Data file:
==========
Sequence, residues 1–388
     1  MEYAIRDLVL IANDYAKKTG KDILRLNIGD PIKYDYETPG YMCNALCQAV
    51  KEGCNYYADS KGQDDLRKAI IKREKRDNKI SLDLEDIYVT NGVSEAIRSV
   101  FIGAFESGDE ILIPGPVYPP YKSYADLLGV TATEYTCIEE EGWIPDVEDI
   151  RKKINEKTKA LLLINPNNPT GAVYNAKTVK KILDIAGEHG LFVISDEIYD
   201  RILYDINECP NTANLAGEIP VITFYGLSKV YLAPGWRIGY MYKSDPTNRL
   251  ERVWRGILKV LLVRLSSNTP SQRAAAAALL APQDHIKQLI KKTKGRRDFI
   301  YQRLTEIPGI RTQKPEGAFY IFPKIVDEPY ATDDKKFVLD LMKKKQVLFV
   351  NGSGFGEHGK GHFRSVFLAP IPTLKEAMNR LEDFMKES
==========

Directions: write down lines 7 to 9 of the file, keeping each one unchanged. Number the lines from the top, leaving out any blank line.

   251  ERVWRGILKV LLVRLSSNTP SQRAAAAALL APQDHIKQLI KKTKGRRDFI
   301  YQRLTEIPGI RTQKPEGAFY IFPKIVDEPY ATDDKKFVLD LMKKKQVLFV
   351  NGSGFGEHGK GHFRSVFLAP IPTLKEAMNR LEDFMKES